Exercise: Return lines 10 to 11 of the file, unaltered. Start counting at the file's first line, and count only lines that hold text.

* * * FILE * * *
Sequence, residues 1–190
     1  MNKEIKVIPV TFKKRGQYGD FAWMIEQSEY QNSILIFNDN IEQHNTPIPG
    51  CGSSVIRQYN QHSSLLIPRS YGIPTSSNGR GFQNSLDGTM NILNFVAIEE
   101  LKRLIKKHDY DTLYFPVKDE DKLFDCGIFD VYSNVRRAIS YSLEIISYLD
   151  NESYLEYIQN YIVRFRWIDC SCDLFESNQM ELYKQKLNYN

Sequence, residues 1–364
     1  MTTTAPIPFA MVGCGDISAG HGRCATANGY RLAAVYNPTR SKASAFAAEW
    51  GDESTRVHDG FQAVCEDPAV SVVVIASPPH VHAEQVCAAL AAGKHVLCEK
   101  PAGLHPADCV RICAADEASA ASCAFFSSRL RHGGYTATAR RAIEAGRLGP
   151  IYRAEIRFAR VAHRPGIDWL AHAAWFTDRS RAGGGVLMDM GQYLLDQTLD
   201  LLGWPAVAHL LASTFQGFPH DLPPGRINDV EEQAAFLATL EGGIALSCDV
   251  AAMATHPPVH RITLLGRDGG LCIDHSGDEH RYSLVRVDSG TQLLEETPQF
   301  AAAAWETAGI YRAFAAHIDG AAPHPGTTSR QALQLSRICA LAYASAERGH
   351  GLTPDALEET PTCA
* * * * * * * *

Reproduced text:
   151  IYRAEIRFAR VAHRPGIDWL AHAAWFTDRS RAGGGVLMDM GQYLLDQTLD
   201  LLGWPAVAHL LASTFQGFPH DLPPGRINDV EEQAAFLATL EGGIALSCDV